A especially problematic approach for distinguishing people in same-sex relationships may be the utilization of proxy reports.

A especially problematic approach for distinguishing people in same-sex relationships may be the utilization of proxy reports.

In a few dyadic studies information have now been gathered from both lovers individually, concentrating on points of overlap and distinctions between partners’ records, learning such dilemmas whilst the symbolic concept of appropriate unions for same-sex couples (Reczek, Elliott, & Umberson, 2009; Rothblum et al., 2011b), parenting experiences (Goldberg, Kinkler, Richardson, & Downing, 2011), closeness characteristics (Umberson, Thomeer, & Lodge, in press), interracial relationship characteristics (Steinbugler, 2010), partners’ interactions around wellness behavior (Reczek & Umberson, 2012), and relationship satisfaction and closeness (Totenhagen et al., 2012). On the other hand, other studies have gathered information from lovers simultaneously, through joint interviews, experiments, or observations that are ethnographic emphasizing interactions between partners or lovers’ collective reactions. As an example, scientists used observational ways to offer unique insights into same-sex couples’ conflict styles (Gottman, 1993), unit of home work (Moore, 2008), and coparenting interactions (Farr & Patterson, 2013).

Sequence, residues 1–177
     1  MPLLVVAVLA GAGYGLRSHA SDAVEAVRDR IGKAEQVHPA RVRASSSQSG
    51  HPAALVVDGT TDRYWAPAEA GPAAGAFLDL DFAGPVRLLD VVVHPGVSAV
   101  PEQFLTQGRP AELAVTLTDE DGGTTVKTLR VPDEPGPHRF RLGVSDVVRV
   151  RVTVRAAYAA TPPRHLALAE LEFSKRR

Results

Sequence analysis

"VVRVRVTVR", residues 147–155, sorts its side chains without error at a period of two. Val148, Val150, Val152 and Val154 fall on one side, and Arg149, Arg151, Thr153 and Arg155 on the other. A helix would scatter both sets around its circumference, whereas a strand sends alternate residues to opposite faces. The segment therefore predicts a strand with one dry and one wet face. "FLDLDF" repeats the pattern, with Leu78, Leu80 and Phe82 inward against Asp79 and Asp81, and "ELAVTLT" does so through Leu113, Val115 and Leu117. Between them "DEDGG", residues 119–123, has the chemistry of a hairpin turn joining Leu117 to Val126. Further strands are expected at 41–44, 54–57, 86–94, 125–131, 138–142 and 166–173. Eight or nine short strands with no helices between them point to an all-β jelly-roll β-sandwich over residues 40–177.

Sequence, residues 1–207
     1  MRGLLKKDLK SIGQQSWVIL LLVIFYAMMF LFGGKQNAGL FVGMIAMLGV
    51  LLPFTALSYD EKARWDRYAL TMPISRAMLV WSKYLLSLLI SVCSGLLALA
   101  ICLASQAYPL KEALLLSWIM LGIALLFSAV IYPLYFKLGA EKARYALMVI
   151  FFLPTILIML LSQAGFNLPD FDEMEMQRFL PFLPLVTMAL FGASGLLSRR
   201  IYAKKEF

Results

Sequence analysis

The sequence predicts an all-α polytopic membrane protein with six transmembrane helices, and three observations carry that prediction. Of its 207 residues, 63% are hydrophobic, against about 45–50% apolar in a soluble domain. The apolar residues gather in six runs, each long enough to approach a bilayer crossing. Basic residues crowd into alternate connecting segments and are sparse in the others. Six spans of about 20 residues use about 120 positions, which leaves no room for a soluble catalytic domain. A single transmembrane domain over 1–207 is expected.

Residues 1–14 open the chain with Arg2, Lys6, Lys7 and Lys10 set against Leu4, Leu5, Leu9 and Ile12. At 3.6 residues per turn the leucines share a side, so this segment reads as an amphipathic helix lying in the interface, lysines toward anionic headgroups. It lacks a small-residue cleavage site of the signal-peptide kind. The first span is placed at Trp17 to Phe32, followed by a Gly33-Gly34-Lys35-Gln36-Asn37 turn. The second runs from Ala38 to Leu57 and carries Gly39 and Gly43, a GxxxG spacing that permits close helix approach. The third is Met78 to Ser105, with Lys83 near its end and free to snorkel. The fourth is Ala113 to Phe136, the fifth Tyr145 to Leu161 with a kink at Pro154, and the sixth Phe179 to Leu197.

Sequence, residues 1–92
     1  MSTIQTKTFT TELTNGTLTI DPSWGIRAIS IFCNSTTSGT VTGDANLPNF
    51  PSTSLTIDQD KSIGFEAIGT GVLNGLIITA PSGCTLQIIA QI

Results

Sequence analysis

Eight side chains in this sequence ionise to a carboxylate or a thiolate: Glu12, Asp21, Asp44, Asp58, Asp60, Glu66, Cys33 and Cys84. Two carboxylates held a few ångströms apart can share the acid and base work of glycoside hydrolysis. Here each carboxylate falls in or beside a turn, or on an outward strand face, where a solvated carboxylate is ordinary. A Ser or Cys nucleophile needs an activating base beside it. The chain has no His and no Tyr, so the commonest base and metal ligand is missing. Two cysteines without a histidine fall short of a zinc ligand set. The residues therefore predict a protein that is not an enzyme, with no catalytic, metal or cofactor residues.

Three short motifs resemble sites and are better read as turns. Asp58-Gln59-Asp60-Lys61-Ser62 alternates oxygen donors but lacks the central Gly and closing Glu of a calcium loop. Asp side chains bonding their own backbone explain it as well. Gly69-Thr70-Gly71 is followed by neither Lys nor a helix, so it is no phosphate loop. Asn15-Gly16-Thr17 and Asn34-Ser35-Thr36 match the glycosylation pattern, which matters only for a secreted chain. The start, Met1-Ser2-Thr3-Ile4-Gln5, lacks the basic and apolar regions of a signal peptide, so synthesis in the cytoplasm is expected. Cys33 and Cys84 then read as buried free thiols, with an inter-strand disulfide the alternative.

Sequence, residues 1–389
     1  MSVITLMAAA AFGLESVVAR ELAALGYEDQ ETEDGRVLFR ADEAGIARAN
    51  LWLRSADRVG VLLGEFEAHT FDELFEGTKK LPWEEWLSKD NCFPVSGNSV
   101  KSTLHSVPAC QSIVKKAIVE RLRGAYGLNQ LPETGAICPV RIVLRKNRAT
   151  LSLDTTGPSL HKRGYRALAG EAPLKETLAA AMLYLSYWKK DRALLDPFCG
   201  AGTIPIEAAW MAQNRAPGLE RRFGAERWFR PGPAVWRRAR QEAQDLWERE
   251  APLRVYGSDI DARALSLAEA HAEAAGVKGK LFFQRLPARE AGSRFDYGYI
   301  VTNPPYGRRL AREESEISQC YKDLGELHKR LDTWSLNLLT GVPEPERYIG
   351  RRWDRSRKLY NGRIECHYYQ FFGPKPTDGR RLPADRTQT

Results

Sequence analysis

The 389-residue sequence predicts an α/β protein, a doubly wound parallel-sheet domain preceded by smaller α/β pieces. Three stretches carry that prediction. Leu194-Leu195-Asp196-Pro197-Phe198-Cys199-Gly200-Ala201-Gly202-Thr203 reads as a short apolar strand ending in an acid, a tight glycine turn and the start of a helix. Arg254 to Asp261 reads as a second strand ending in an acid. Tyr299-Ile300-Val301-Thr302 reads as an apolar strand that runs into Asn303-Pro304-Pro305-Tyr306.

Challenges and methods for studying relationships that are same-Sex

This is no reason to avoid the study of same-sex relationships although current data are characterized by several limitations.


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